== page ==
The Daily Mail from Hagerstown, Maryland on August 7, 1939 · Page 8
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The Daily Mail from Hagerstown, Maryland · Page 8

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Monday, August 7, 1939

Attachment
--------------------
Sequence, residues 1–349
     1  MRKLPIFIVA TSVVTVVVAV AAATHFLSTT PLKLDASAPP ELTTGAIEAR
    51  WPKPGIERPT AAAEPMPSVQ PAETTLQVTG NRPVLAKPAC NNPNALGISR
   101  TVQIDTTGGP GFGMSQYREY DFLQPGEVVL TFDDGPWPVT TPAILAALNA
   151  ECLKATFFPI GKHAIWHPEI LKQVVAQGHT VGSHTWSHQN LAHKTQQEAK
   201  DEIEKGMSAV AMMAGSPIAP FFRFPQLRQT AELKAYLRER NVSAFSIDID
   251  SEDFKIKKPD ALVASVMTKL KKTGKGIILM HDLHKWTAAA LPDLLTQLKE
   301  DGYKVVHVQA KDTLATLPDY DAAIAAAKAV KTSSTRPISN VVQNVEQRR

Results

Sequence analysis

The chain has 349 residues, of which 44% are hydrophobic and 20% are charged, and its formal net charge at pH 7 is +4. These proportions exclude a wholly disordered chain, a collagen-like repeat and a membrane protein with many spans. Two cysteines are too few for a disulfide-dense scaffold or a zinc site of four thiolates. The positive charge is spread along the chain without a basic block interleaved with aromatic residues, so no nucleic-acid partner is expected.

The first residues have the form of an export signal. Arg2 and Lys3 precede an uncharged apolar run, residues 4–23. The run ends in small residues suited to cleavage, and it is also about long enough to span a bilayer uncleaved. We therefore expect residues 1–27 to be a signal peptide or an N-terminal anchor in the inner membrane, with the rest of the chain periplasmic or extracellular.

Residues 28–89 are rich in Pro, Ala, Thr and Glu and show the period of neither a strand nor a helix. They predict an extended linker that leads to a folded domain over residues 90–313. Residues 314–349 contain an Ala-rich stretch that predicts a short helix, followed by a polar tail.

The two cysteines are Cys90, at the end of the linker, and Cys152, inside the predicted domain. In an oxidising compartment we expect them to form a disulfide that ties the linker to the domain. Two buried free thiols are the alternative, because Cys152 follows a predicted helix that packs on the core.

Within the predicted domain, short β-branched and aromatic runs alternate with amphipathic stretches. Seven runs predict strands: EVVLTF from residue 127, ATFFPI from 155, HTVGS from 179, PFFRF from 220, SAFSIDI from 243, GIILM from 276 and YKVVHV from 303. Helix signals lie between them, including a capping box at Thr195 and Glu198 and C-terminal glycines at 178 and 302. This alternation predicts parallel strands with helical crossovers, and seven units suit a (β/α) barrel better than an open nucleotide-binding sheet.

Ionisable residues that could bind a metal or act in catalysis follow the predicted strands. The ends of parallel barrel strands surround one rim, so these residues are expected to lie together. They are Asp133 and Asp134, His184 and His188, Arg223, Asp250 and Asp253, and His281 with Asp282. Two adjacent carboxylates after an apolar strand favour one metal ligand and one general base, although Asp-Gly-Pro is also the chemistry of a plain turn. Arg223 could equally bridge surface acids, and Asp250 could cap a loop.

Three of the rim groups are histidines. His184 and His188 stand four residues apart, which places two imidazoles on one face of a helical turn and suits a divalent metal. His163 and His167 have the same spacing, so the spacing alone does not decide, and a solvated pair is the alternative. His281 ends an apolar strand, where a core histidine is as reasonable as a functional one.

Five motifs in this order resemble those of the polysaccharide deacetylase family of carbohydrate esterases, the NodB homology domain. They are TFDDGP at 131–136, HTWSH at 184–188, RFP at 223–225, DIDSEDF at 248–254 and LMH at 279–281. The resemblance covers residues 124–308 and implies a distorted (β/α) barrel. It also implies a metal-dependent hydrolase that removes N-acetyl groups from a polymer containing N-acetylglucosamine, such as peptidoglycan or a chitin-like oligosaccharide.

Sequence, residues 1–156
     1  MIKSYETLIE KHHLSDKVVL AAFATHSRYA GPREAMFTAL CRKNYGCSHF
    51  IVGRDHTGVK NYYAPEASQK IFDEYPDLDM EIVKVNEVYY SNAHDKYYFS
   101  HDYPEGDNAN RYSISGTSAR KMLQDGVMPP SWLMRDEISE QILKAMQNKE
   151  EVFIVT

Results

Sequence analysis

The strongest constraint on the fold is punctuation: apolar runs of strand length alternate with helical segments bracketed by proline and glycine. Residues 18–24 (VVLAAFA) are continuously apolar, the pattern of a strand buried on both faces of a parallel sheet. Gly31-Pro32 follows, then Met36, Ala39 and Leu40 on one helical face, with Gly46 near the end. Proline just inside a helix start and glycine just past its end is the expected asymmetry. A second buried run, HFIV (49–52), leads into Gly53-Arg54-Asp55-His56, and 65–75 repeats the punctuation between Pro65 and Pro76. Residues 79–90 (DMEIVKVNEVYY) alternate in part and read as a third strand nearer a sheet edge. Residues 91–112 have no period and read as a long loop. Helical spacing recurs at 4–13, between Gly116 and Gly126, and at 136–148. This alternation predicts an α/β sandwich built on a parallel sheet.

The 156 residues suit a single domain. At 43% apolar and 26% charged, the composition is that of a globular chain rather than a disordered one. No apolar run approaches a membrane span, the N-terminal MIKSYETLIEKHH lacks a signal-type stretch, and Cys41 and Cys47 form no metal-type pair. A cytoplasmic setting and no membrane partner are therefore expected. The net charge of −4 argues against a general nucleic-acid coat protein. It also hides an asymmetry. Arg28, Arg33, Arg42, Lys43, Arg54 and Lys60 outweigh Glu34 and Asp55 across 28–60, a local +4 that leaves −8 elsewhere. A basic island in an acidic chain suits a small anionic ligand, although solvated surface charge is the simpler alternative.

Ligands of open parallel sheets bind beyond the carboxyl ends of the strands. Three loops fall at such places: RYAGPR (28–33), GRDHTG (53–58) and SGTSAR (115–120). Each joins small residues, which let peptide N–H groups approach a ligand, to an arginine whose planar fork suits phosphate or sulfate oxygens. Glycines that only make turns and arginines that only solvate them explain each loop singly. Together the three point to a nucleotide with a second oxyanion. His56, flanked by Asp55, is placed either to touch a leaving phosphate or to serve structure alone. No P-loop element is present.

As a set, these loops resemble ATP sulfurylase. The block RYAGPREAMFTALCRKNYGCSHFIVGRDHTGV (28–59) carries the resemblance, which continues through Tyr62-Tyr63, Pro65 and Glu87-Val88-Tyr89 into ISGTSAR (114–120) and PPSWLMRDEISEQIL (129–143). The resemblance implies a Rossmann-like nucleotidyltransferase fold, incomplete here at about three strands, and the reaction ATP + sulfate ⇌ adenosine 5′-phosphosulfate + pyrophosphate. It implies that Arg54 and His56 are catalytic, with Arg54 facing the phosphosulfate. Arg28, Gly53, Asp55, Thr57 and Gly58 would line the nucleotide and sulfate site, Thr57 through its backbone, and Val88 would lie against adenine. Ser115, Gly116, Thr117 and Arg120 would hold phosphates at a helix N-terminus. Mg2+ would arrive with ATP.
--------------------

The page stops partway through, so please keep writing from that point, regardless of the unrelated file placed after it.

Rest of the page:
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EIGHT THE DAILY MAIL* HAGERSTOWN, MD., MONDAY, AUGUST 7, 1939. Sports of Sorts There is little consolation in this piece for those of you who would like to see the reign of the New- York Yankees interrupted. Most clubs would be delighted to come up with a single good rookie each Spring. And here the Yankees come up with THREE youngsters, each capable of starring on most any major league team. The Newark farm team sent up Atley Donald, Charlie Keller, and Buddy Rosar—an all-star trio. Donald, without the benefit of advance ballyhoo, has just about stolen the American League show •with his record-breaking string of victories. His triumphs are not of the hot-house variety for Donald earned them on his own. Only on one accasion, during his sensational string of 12 straight, did the -rookie ace need help to protect his record. "With each start he appears to have gained new poise and effectiveness. His fact ball does not look impressive from the stands but the batters admit it is more than adeqiuats-. Keller got off to a poor start when he suffered a charlie horse in training camp but he showed enough to convince McCarthy that he- was ready for the big show. When DiMaggio's injury made it necessary to use Keller, the young outfielder came through. He's a power hitter and fits nicely into the Yankee picture. One of these days he's going to be a regular Yankee outfielder. He can't miss. Buddy Rosar hasn't had much chance to show what he can do because the Yankees have in Bill Dickey just about the best catcher in the business. The long string of double-headers gave him an occasional chance and he, too, is ready to step into the lineup without weakening the team very much. Buddy is likewise a slugger of-considerable talent. He lead the International League in batting last season with a mark of .387.* Apparently he can hit major league pitch- In.?: juts as effectively. Mechanically, he is a fine catcher. Donald is the oldster of the trio. He's 26. Rosar is 25 and Keller only 22. Each has his best years of baseball ahead. , YANKS JUST ANOTHER CLUB AGAINST GOOD HURLING Feller And Harder Yield But Nine Hits In Two Bail Games St. Louis Cards Move Another Game Closer To First Place Reds By Winning Pair From Phillies While Cincinnati Splits Twin Bill. By JUDSON BAILEY, A.P. Sports Writer Word lias been getting around that the world champion New York Yankees are just another ball club against good pitching. Sometimes this is like saying what the country needs is a good five cent cigar. You've still got to find the cigar. But the records show that the Yankees and the good pitching have found each other fairly frequently of late and an immense crowd of 76,753 fans at Yankee Stadium yesterday can. attest that the rumors are true. This 'feat gave New York, which earlier in the campaign sported a record of winning four out of every five games against all opposition at home and abroad, a showing of seven victories and five defeats during its latest 12-game stand against the western clubs. Good hurling was the order of the day all around the major loop front yesterday as the teams put on a 14-game show. The National league leaders, Cincinnati's Reds, were shut out, 5-0, by Luke Hamlin of the Dodgers in the first game of a double-header. Neither team scored for eight innings but the boys who do things the daffy way got to Paul Derringer for plenty in the ninth. The Reds reversed the tables in the nightcap to win S6. The second-place St. Louis Cardinals won. their eighth and ninth consecutive games, 11-0 and S-3, with the Phillies as victims. Bob Weiland earned the shutout on five hits. Mort Cooper gave nine in the second game. Hal Schumacher and Cliff Melton combined to hold the Pittsburgh Pirates to six hits as the New York Giants took the first half of their double-bill, 9-5, and in turn were blanked, 6-0, by the- five- hit pitching of Bob Klinger in the second session. A 12th inning home run by Max West broke a fivegame losing streak for the Boston Bees with a 9-S victory ever the Chicago Cubs. Freddie Hutchinson, the much- publicized rookie right - hander, whipped the Boston Red Sox, 10-1, on six hits in one game of a double-header but his Detroit Tiger teammates were handcuffed, S-3, by the seven-hit hurling of Jack Wilson in the nightcap. Jimmie Foxx, first baseman and last year's leading hitter in the American league, pitched the ninth inning of the first game for the Red Sox and did better than any of the regular staff. It was the only inning Detroit failed to score. The St. Louis Browns and Philadelphia Athletics brightened their cellar struggle with fireworks and this proved what the Browns needed to win both games of a double bill 114 and S-6. Acting manager Earl Mack, coach Charley Berry and first baseman Dick Siebert of the Athletics were expelled at various stages of the proceedings and fans, much disturbed at it all, showered pop bottles on Umpire Steve Basil. Washington's winning string was extended to seven straight with a 4-3 triumph over the Chicago White Sox when Ted Lyons, usually calm and collected, became upset at three successive bunts in the ninth inning and threw into rightfield, letting in 'the winning run. England's Pam Barton Arrives To Compete In Golf Matches (My The Associated Trc**) AMERICAN LEAGUE Batting — DiMaggio, New York, .398; Foxx, Boston, .364. Runs—Foxx, Boston, 94; Greenberg, and McCosky, Detroit, S5. Runs batted in — Williams, Boston. 87; Foxx, Boston, S6. Hits—McQuinn, St. Louis. 13S; Rolfe, New York, and Case, Washington, 131. Doubles—Greenberg. Detroit, 34; McQuinn, St. Louis, 30. Triples—Lewis, Washington, 10; Wright, Washington, and McCosky, Detroit, 9. Home runs—Foxx, Boston, 27; Greenberg, Detroit, 20. Stolen bases—Case, Washington, SS; Chapman, Cleveland, 15. Pitching—Donald, New York, 121; Grove, Boston, 11-2. NATIONAL LEAGUE Batting—Arnovich, Philadelphia, .345; Bonura, New York, .345. Runs — Werber. Cincinnati, 77; Frey, Cincinnati, 74. Runs batted in—McCormick, Cincinnati, 84; Bonura, New York, 72. Hits—Brown, St. Louis, 133; McCormick, Cincinnati, 128. Doubles — Slaughter, St. Louis, 33; Mize, St. Louis, 29. Triples — Herman, Chicago, 14; Taughan, Pittsburgh, 10. Home runs—Ott, New York, 21; Mize, St. Louis, 19. Stoletu bases — Handley, Pittsburgh, 16; Hack, Chicago, 12. Pitching—Walters, Cincinnati, 196; Wyatt, Brooklyn, S-3. Both exercise and sunshine are essential for strong-bodied calves. Calves can get their vitamin D directly from the sun if they *re allowed some exercise in the sunlight NEW YORK. Aug. 7 (/P).—Recovered from an illness that kept her off the links for a year and once more back at the top of her game, England's Pamela Barton is here to scrap our women golfers in the National Championship at Noroton. Conn., Aug. 21-26. When she got in last night Pam said she was "full of hope," which is a very optimistic statement for her to make and should constitute fair warning to our gals to polish iip their games. For Pam is a golf invasion all by herself. Still only 22, the stocky British girl was the "kid wonder" of women's international golf back before Patty Berk began getting her freckles into the rotagravure sections. Pam won the French championship when she was 17, and in 1936, at 19. she captured both the British and American titles. There wasn't a woman capable of matching her game at that time, and it looked like her reign would be a long one. But her fine touch deserted her the next year. Something went wrong. After losing in an early round of the 1937 Bvit- ish championship., she announced that illness would prevent her playing in 103S. and in England they feared she was through. She was plagued by a lengthy dispute with British golf officials because of her literary efforts. At one time she was threatened with being declared a professional. All that evidently has been straightened out, for she recently came back to win the British title again after a lapse of two years. They say her golf is better than ever. There is a marked similarity between Pam and Patty Berg. Both are red-headed, powerful youngsters, long off the tee and accurate with their long irons. Pam, like Patty, will out-drive her average opponent 50 yards or more, and then slam an iron shot to the flag while her rival is whaling away with a spoon and hoping for the best. Pam's favorite club, in fact, is a No. 3 iron. The two of them would make a great final, but there is no assurance that Patty -\vill even defend the title she won last year. The Minneapolis marvel underwent an operation for appendicitis less than three weeks ago, and both her father and. her doctor are said to want her to stay home. Even if Patty competes, her game is likely to be a little rusty. Still, there will be plenty of competition for Pamela. She will find Dorothy Kirby, Marian Miley, Mrs. Estelle Lawson Page, Mrs. Glenna Collett Tare, Mrs. Opal Hill and the others capable of keeping her fully occupied. There also will b present the Irish champion, Clarrie Tiernan. who is being hulled as a great player. VICTORS WIN TO HOLD LEAD Circuit Clout By Hartle Put Over Winning Run For The Sox A home run over the right field fence with one on by Hartle enabled the Victor Blue Sox to defeat the Old Exports by a 9 to 7 score and retain their position at the top of the pennant race in the Washington County League. Six errors by the Old ' Export team gave the Blue Sox a decided advantage. Trovinger hurled good ball allowing but nine hits but faulty support kept him in, hot water. Blessing on the hillock for the Sox was nicked for eleven blows but excellent backing pulled him out of many tight holes. Moats with a perfect day at bat getting three for three showed the way to both teams. Hays at short for the winners played a sensational game afield handling seven chances without a bobble. Score: VICTOR Ab. R. H. 0. A. E. Brandeburg, 2b, . 4 1 1 0 2 0 Delosier, cf 3 1 1 0 0 0 Hays, ss 4 Barr, Ib 3 2125 0 0 16 1 Hartle, c 4 2 1 8 2 0 Moats, rf 3 2 3 0 1 0 Wolfe. If 3 0 1 1 0 0 Griffith, 3b 4 1 1 0 1 0 Blessing, p 3 0 0 0 2 0 Tota 1 " 31 9 9 27 14 0 OLD EXPORT Ab. R. H. O. A. E. Knode, 2b 4 1 210 Hill. ss. 110 Jones, rf 5 $ 2 1 0 1 Banzhoff, If 4 0 0 4 0 0 Rupperts Defeat Hancock Tossers With Willard hurling ten hit ball but keeping the Hancock bingles well scattered, the Ruppert Bluebirds defeated the upstaterg in a Washington County League contest on the down county diamond by a 9 to $-, score. HANCOCK Ab. R. H. O. A. E. Hunt, ss 5 1 1 2 2 0 French, 2b. p. ... 5 1 2 1 2 1 Stiener, cf 5 0 2 3 0 0 L. Powers, Ib. .. 4 1 1 5 0 I H. Powers, If. .. 3 0 0 2 0 1 Davis, 3b 4 0 1 3 0 0 Vantz, rf .4 0 0 3 0 0 Weaver, c 4 0 1 5 2 1 Faith, p., 2b 4 0 2 0 1 0 Totals 38 3 10 24 7 4 SHARPSBURG Ab. R. H. O. A. E. Poffenberger.. 3b. 4 0 0 4 1 0 Bender, If 4 0 Grove, c 3 2 M. Brashears, ss. 4 1 Kaetzel, Ib 5 1 Stockslager, rf.. . 2 2 1 0 2 1 1 500 400 141 700 Martha Yates, Village Star, Would Run Dashes, Hurdles Leetown Proves 100 G. Brashears, 2b. 3 2 3 3 0 1 Tolbert, cf 2 2 0 20 0 Willard, p 5 0 1 0 2 0 Myers, c 4 0 2 2 2 Nield, Ib ? 1 1 9 0 0 Mills, 3b * 0 0 2 2 0 Powell, cf 3 1 1 3 0 1 Trovinger, p 3 2 2 0 2 0 ISpringer 1 1 0 0 0 0 Totals 35 7 11 24 9 6 1-Batted for Powell in 9th. Score by Innings Old Export 002 000 104—7 Victor Blue Sox .. 110 013 120—9 Summary: Earned runs, Victors 3, Old Export 3. Left on bases— Victor 2, Old Export 6. Two-base hits, Brandeburg, Hill. Jones, Griffith, Trovinger, Delosier. Home runs, Hartle. Sacrifice hits, Nield. Wolfe. Stolen bases, Myers. Double plays, Hays to Bair. Base on balls—Off Blessing 4, Trovinger 3. Struck out—By Blessing 7, Trovinger 3. Passed bayysiy-Myers, Hartle. Runs batted in—Hartle 2, Hays 1 T Wolfe 2, Klnud* 3. Hill 1, Jones 2. Trovinger 1. Umpires—Hickey and Brashears. Time 2:07. Scorer — Lighter. Washington County League Standing YESTERDAY'S RESULTS Antifitams 6. Chevies "<. Victors :*, Old Kxport 7, Kupperts ?, Hancock ". T>onnf-'ltfiro !), IMr.. Krinr 4. Boonsboro S, Old Export '2. Totals 32 9 10 27 7 2 Score by Innings Rupperts 000 243 OOx—9 Hancock 101 000 001—3 Summary: Earned runs, Han- 'cock 3, Sharpsburg 7. Left on bases, Sharpsburg 11, Hancock 10. Two- base hits—Bender 1, Grove 1, Hunt 1, French 1. Three-base hits, Willard, L. Powers, French. Sacrifice hits, Poffenberger, Stockslager, H. Powers. Stolen bases—Davis. Base on balls — Off Faith 7, French 2. Struck out—By Willard 2, Faith 5. Passed balls—Grove, Weaver. Hit by pitcher, L. Powers by Tolbert, Bender by Faith. Wild pitches, Faith. Losing pitcher, Faith. Winning pitcher, Willard. Hits — off Faith 9 in 7 2-3 innings, French 1 in 1-3 inning. Umpires—Long and Moser. Time 2:10. Scorer—Taylor. JACKETS WINNER OF DOUBLE BILL Coupling solid base hits along with six errors by the Mt. Briar team enabled the Boonsboro Yel- lowjackets to score an easy 9 to 4 victory in Washington, County League play yesterday in the first game of a double attraction. In the seven inning nightcap contest the Jackets handed the Old Export tetim an S to 2 lacing. In the nightcap Boonsboro jumped to the front with a four run splurge in the opening inning and sewed up the battle with three runs in the third frame. Devore on the mound for the Jackets gave up but five hits and was accorded excellent support afield. Score: Old Export 100 100 0—2 5 4 Boonsboro -. 403 010 x—8 12 1 Kauft'man. Springer and Myers. Devore and G. Jones. MT. BRIAR Ab. R. H. O. A. E, Lushbaugh, Sb.lf., 501311 Colbert, rf., H. .. 5 1 2 3 0 0 Parks, cf K 1 2 2 2 0 M. Ferguson, rf.p. 4 2 2 Wade, c 2 0 1 Gilbert, 2b 4 0 2 Pacyna, ss 3 0 0 Norris. Ib 1 0 0 Fcaster, Ib r, 0 1 Heads To Oppose Antlers Tonight This evening on the Pangborn diamond the Heads will play the Antlers in the Elks softball league. This promises to be a real battle as the Antlers are out, to regain first place in the league standing. Last Thursday the Elks defeated the Washington Square team on the Reservoir diamond by a 11 to 10 score. Stottler led at bat for the losers while O. Miller and L. Mobley showed the way for the Elks. Score: Wash. Sq. .132 002 110—10 35 2 Elks 030 110 0:13—11 11 3 Dofflemyer and Burkholder. C. Miller and G. Fisher. Goodrich Silvertown Stores 18 E. Franklin St. Phone 2065 By Pap' WASH PANTS $1.00 — $1.49 — $1-98 £nntm«r Suitw ?.1.n.'» — Sj,f). r > to S12.»r> Swim Tnmk» or Suit* . ftRo to SJ.OH Tola Shirt* 49c: Gripper Short* £.•><• Blip Yank Pnntn *l.OO; Shirts 4»c RudisilFs Quality Shop GENERAL ELECTRIC Engineering Service and Plans All kinds of Heating and Cooling Equipment Completely Installed POTOMAC ENGINEERING CO tH V?. Wnshineton St. Phono 286* Seiberling Tires ihtmy Torrn* — . N# ARTIN AUTO RADIOS DOMENICI TIRE CO. 1«7 tenth Potomac St. STANDING Won L.O.-U I'ct. Victors 15 7 .682 Antietams 14 8 .636 Hancock 12 10 .454 Rupperts 12 10 .545 , Chevies 10 12 .455 | Boonsboro 10 12 .455 j Mt. Briar 9 13 -409 j Old Export 6 16 .273 r:.oi.E.s FOR AIT., in. P.npperts at Ant lot a mi;. chivies ru OH Kxport. ; Victors at Mt. Briar. i r.oonsboro at Hancock. | PARKER-McNEILL WIN Southampton, N. Y., Aug. G (/P). , Frankie Parker, of Beverly Hills, I Calif., and Don McNeill of Okla- j homa City won the doubles title of the Meadow Club annual invitation tournament today when they defeated Bobby Risffs of Chicago and Elwood Cooke of Portland. Ore.. G-l, 6-4. 3-6, 4-6, 6-3. A new bridge at Seattle, with a main stretch more than a mile in length, will be supported by floating pontoons. 0 0 1 0 H. Ferguson, p.3b. 4 Rohrcr, If 1 0 0 0 1 2 1 2 1 0 2 200 >J 3 1 000 Totals BOONSBORO B. Jones, ss 5 Miller, 3b 5 Schlotterbock, cf. 'i Rove, If 3 Devore, rf 4 W. SnyclPr, 2b. .. 4 Ridge, Ib 4 G. Jones, c 3 Berg-e-r, p 4 ?,7 4 12 24 11 6 Ab. R. H. O. A. E. 2 0 7 0 0 0 Easy For Orioles The Chewsville- Orioles gained revenge for a 2 to 1 defeat handed them by the Leetown Lions on the West Virginia diamond yesterday afternoon when they romped home with a 11 to 1 victory, the game being played before one of the largest, crowds of the home season. Lefty Willis, former Blue Ridge and Athletic hurler, shared honors with R. Haugh at bat, each gathering three hits. Brake and R. Haugh each had a triple. Scott gave the visitors but eight hits and sant six back to the bench on strikes while Miller fanned nine but was nicked for a dozen blows. Score: Leetown ...001 000 000— 185 Chewsville .020 045 OOx—11 12 2 ' Miller, Miller and Collis. Scott and Beard. MARTHA YATES: Another Babe Didrikson? By HAROLD CLAASSEN Associated 1'ress Sports Writer FAUCETT, Mo., Aug. 7—A 17- year-old girl who drills on a track that is nothing but a path to the schoolhouse and under the coaching of a.n English teacher who gets his ideas from a book is moving into the Olympic spotlight as the 1940 successor to Mildred (Babe) Didrikson and Helen Stephens. She is tongue-chewing Anna Martha Yates, a tiny mite of 5 feet 4Vi; inches who strides with the piston-like leg action of a boy rath- Antietams Bump Chevies 6 To 5 For six innings yesterday at the Stadium Washington County League fans witnessed just about as flue a hurlers bal.tle as one could ask for with Tolbert working for the Ant- ietams and Mentzer for the Chevies, but in the seventh round the Firemen jumped on the offerings of Mentzer and drove him to cover, scoring five runs to win the ball game by a 6 to 5 count. Score: CHEVIES Ab. R. H. O. A. E. Ford, cf 4 0 0 Harbaugh, 2b. ... 5 0 0 Barnhart, 31). ... 4 0 0 Potts. Ib 4 1 1 Day, If ...4 2 2 Spielman. ss. ... 4 1 2 Buharp, c 4 1 2 Hesson. rf :', 0 1 0 0 1 2 0 0 910 1 0 0 er than with the foot swinging- lope of a girl. Last spring Anna Martha, "now a senior in high school, shattered the national interscholastic broad jump mark with a leap of 16 feet, S% inches. This year the 112- pound brunette hasu't failed to exceed 17 feet at any practice. W. B. Smith, the book-reading coach, says that despite her record- breaking activities in the jump he believes his protege's best chances for Olympic fame lie in the hurdles and sprints. She skims over a 75-yard flight of low hurdles in. less time than the listed record for the 65-yard distance. Margaret Callahan o/ Lynn, Mass., hurried through a 75-yard dash in 0.6 in 1.925 for a national record which still stands. Anna Martha does the same trick in 9 flat almost nightly. Her time for the 80-meter hnr- lles is 12 flat. The Olympic record is 11.6. Her time of 7.3 for the 60- yard dash is the same as that turned in by Stella Walsh and Mary Carew in New York on February 7, ID31. She has also equalled the time of 8.2 made by Miss Walsh in Cleve land on May 4, 1!K',5, for 70 yards 2 0 5 2 fi 1 4 0 Mentzor, p 2 Krownapple, p. .. 0 Rhodes, p 2 1-Sarr 1 000 0000 0001 3 0 01000 Tofnls ANTIETAMS 33 5 !) 27 TO 2 Ab. R. H. 0. A. E. W. Ham maker, cf 3 2 3 000 1 13 1 3 2 0 0 0 4 0 1 1 1 0 2 0 Totals 36 f> 12 27 17 1 Score by Innings Mt. Briar ... Boonsboro .. Summary: 010 110 010—4 143 001 OOOx—9 Earned runs, Mt. Big Yank Blue WORK SHIRTS 66c HOFFMAN'S 15 North Potomac Street Briar 4, Boonsboro 3. Left on bases Mt. Briar 7, Boonsboro 6. Two-base hits. G. Jones, Gilbert, Parks, Berger. Sacrifice bits. Wade (2), Jlowe. Stolen bases—Paries, B. Jones, Miller. Double plays. Miller-Snyder- Ridge). Base on balls —-Of£ H. Ferguson 1. Struck out — by M. Fcrsuson 3, Berger 2, M. Ferguson Schindler, 2b. ... 4 Knode, If ........ 4 Mellinger, RS. — 4 Moore, 3b ....... » Byers. Ib ........ 4 Metz, c ......... 2 Murray, p., rf. Tolbert, p 4 3 0 0 420 420 310 111 n 0 0 500 300 110 B. Hnmmakor, rf. 0 0 0 0 0 0 Totals 33 G 11 27 '4 1-Bartcd for }lesson in nth. Score by Innings Antictams 000 0.10 500—G Chevies 010 000 004—5 Wild Pitch Wins for Washington Washington, Aug. G, (/P).—Dutch Leonard raced home from seconc on a wild toss by Ted Lyons today to give the Washington Senators •!. to 3 win over the Chicago White Sox and mark up Leonard's 12th victory of the season. It was Washington's sovontl straight triumph. They were helpcc by ragged fielding, the Sox making six bobbles. Chicago ... Washington 001 301 000—3 8 200 010 001—1 10 NATIONAL LEAGUE YESTERDAY'S RESULTS St. Louis 11-S; Philadelphia 0-3. Brooklyn 5-6: Cincinnati 0-8. New York 0-0; Pittsburgrh 5-6. Boston '..', Chicago S". STAXDIXG Won Cincinnati 62 St. Louis 55 Chicago 53 ittsburgh 49 Brooklyn 48 New York 48 Boston 43 Philadelphia 26 34 42 46 46 48 48 53 67 .646 .567' .535 .516 .500 .500 .448 .280 GAMES TODAY Boston at Brooklyn (night). Only game scheduled. GAMES TOMORROW Brooklyn at Philadelphia (ni^ht). Cincinnati at Chicago. Boston at New York. Pittsburgh at St. Louis. AMERICA LEAGUE Y1SSTKRDAY'S RESULTS Detroit 10-3: Boston 1-S. Cleveland 5-7; New York 4-1. "Washington •}, Cliicagro .1. St. Louis 11-S: Philadelphia 4-G. New York Boston „. 60 Chicago -• 55 Detroit 52 Cleveland 51 Washington Philadelphia St. Louis 29 STA7VDIJJO Won Tout fct. 69 30 .597 37 .619 46 .545 <B .520 47 .520 45 57 .441 36 63 .364 69 .296 GAM ft* TOW AY No grumes scheduled. GAMES TOMORROW New T<>rk at WnshitiKton. St. Tjouis nt Cleveland. Chicfipro nt Del roil. I'hihulelphia nt .Ko.st.nn. The strawberry, which 75 years ago was produced only near a few large cities in this country, is now grown commercially in every state and Alaska. Guaranteed Used and Factory Rebuilt Tires, 5.50x16 6.00x16 6.25x16 6.50x16 7.00x16 5.25x17 5-50x17 0.50x17 7.50x17 5.25x18 6.00x18 4.50x20 $1.00 to $4.50 C. R. POFFENBERGER WHOLESALE — RETAIL 33 E. Washington St. Phone 75 The Age of mflRvas is here Summary: Earned runs, Antie- tams 6, Chevies 5. Left on bases, Antietanis 9, Chevies 6. Two-base hits, Murray, Buharp; Moore, Day. Three-base hits. Mooro, Byers. Sacrifice hits. Schindler, Metz 2. Stolon bases. Day, Buharp, Schindler. Double plays, Harbaugh to Spielman. Base on balls —- Off Murray 1, Mentzer 6. Struck out—By Tolbert :>, Mentzer r>. Wild pitches, Krown- 1. Wild pitches, Berger. Losing pit-j apple. Losing pitcher. Mcnlzor. cher H. Ferguson. Hits — Off M. i Ferguson S in 6 1-3 innings. Hits— | off H. Ferguson 4 in 1 2-3 innings. i Runs batted in, Miller 2, Schlotterbeck 2, Berger 2, Rowc, B. Jones, Parks, Wade, Gilbert, Pacyna. Umpires — Trumpower, Wolfe. Time !l:5S. Scorer—Nagy. Winning pitcher. Tolbert. Hits—off Murray 1 in 2-3; Tolbert S in S-l-3; Rhodes 2 in 2 2-" innings. Hits—Of: Krownapple 2 in 0; McnUcr G in 6 1-3 innings. Runs batted in: Mel- lingcr, Moore 3, Mctz, Day, Buharp 3. Carr. Umpires Lushbaugh, Mauck Time 1.53. Scorer—Lighter. ^ H>9* *£ ftfoHty The telephone carries a dozen conversations at one time on a single pair of wires— and MARVELS, the cigarette of quality, carries satisfaction to millions of smokers at big savings. Ask for MARVELS RV€ LS The CIGARETTE of Quality STEPHANO •ROTHERS.>HIL*.« DICK TRACY—POCKET BURN YES, PACK OUR WEr'LL <SBT OUT OF THIS ATMOSPHERE AMD TAKE A HOTEL ROOM IN TH£ CITY— E.R WHAT'S *D BETTER MOT PACK THIS SUIT OF f \ ME YOURS, DEAR. THERES\ SEE.' ATERRlBLB BURM IN LEFT COAT XL.L- ^EMO IT TO THE TAILOR ,HOMEV. HE CAM REWEAVE1 THB FABRIC YOU KNOW, NOW THAT WE'RE MARRIED, I SHOULD LOOK AFTER SUCH THINGS FOR EDWARD/ WHAT _ T'TT'S ALL IM THE WORLD-' YOU'RE SHAKING f DEAR_-ER. ALL OVE:R/ /-^ I'LL. TEND TO THE SUIT.. -T..T KMOW THE TA\UOR\ I'LL, TAKE CARE OF IT. ff I (fa A />* ft\&' } ,^ ISSV